SEATTLE - When Richard Wood received a call about suspicious activity in his KeyBank account, he had concerns. But after contacting his bank he told FOX 13 News he was assured the situation was under control.
He couldn’t have imagined that weeks later he’d be looking at a nearly empty account.
"They were the ones who were supposed to be our protectors when it came to our account," said Wood. "In my view of them, right now, they’re the villains."
According to experts, his situation isn’t as unique as you may think.
"It’s tough, because the scammers will come at you from all angles," said FBI Supervisory Special Agent Tammy Mizer.
Mizer told FOX 13 News that you should always report concerns of fraud to your bank. Local police are a great resource too, but when it comes to scams involving any type of digital banking you need to turn to federal agents as soon as possible: which is easy through the Internet Crime Complaint Center website.
"They have a good success rate as far as getting a freeze on those accounts, and people getting their money back," said Mizer. "I’m actually impressed by the work they do there."
Wood, like most banking customers, didn’t realize there were extra steps to take. He felt like his reports both over the phone and in-person would stop the fraudulent activity in his account.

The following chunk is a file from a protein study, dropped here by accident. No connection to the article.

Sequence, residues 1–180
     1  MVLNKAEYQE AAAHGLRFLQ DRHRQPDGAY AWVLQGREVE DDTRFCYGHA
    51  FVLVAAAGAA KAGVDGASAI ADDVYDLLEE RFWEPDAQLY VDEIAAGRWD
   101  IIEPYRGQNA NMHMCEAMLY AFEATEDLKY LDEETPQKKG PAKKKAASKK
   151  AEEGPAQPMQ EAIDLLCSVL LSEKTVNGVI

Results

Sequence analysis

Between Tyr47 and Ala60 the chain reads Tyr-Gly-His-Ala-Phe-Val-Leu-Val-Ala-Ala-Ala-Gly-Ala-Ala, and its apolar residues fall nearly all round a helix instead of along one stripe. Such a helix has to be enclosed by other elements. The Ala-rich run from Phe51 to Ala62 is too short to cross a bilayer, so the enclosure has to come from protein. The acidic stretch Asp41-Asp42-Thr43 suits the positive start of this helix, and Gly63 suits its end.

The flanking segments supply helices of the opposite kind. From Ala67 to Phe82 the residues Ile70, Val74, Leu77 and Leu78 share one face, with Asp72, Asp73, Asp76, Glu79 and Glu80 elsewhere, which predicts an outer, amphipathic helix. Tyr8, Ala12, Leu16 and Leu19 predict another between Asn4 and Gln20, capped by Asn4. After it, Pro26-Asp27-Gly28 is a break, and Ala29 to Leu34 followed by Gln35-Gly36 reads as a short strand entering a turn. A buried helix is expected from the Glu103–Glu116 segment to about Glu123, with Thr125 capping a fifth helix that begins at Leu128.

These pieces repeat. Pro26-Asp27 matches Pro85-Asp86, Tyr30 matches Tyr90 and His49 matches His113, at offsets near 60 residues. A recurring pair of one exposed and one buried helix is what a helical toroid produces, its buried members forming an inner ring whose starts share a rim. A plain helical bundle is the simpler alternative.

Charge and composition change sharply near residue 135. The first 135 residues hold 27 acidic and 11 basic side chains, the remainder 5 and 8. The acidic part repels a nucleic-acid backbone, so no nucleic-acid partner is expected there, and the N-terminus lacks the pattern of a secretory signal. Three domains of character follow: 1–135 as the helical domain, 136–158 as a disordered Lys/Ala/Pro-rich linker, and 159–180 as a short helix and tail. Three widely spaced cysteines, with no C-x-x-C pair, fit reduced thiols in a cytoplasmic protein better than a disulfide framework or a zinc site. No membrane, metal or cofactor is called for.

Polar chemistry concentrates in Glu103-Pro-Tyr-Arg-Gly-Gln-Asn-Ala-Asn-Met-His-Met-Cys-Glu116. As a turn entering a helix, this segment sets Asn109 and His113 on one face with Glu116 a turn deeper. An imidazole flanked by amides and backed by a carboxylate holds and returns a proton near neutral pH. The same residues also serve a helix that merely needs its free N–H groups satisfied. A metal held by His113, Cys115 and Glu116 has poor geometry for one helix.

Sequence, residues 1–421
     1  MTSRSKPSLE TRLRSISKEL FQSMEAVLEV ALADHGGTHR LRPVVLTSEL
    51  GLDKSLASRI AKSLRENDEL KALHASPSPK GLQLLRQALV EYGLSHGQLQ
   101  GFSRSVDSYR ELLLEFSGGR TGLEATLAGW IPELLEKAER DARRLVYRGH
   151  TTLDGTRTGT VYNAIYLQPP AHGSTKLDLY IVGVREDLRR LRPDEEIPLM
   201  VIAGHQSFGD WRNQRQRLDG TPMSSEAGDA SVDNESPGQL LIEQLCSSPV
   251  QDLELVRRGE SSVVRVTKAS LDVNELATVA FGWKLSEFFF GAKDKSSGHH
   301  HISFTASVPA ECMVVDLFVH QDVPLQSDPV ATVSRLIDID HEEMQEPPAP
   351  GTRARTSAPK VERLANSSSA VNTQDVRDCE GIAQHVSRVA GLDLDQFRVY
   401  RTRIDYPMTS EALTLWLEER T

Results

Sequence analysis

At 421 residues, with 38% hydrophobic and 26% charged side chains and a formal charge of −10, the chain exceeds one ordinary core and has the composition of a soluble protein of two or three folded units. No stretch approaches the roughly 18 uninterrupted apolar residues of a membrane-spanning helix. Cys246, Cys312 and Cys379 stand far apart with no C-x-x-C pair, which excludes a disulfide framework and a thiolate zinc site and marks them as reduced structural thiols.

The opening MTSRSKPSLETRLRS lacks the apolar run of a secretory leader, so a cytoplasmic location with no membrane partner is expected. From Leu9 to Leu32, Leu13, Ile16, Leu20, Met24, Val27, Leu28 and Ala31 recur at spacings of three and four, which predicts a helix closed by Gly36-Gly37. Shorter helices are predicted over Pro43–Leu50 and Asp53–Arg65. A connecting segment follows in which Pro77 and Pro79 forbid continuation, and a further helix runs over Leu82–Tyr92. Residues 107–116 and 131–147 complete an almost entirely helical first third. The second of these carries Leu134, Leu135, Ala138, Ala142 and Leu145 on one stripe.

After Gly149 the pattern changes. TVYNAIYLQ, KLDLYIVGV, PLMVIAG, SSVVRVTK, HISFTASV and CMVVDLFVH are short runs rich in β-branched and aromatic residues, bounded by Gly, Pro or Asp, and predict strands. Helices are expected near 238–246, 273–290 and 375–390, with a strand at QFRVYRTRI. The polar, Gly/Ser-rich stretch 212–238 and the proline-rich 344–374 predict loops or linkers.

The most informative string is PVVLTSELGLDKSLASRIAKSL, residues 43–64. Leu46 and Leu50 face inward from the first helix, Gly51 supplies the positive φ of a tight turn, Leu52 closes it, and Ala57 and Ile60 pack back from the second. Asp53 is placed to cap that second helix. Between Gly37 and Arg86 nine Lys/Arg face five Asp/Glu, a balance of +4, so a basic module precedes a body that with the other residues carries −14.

Today, he’s clawed back the money through sheer determination—but many aren’t as lucky.
A timeline documented by Wood showed that phone calls and in-person visits were made numerous times as red flags were raised. He told FOX 13 News that he was given assurances that his money would return to his account, only to be told at a later date that the money had already been transferred when he was given those assurances.
"This is a complete nightmare," said Wood. "The bank messed up, the bank allowed somebody to go in behind closed doors and steal almost $60,000 of my money."
FOX 13 News reached out to KeyBank, which declined to comment, saying:
"We work hard to address our clients concerns and resolve them to the extent we are able. That being said, out of respect for clients’ privacy, we do not disclose or confirm that a person of business is a client, and we do not discuss clients’ activities with the bank."
While KeyBank declined to talk to FOX 13 News, Wood wasn’t finished. He continued to reach out to every manager and executive he could track down, eventually tracking down the company’s CEO.
An email addressed to Wood indicated that the CEO received his message. They eventually returned his money, and apologized. They even told Wood that they would review their practices and training to ensure this didn’t happen again.
"You have to fight all avenues," said Wood. "I had to go to the CEO of the company, who had no idea that this was even going on. I had to show this person and lay it out there with an email correspondence that the bank has sent me to show him this was all out fo my control. They looked at it, and I was thrilled. So it worked out for me."
Mizer told FOX 13 that if you believe you’re the victim on online banking fraud, the faster you provide a detailed report through the IC3 website, the better.
For more information, including on links to file a complaint visit the website here: https://www.ic3.gov/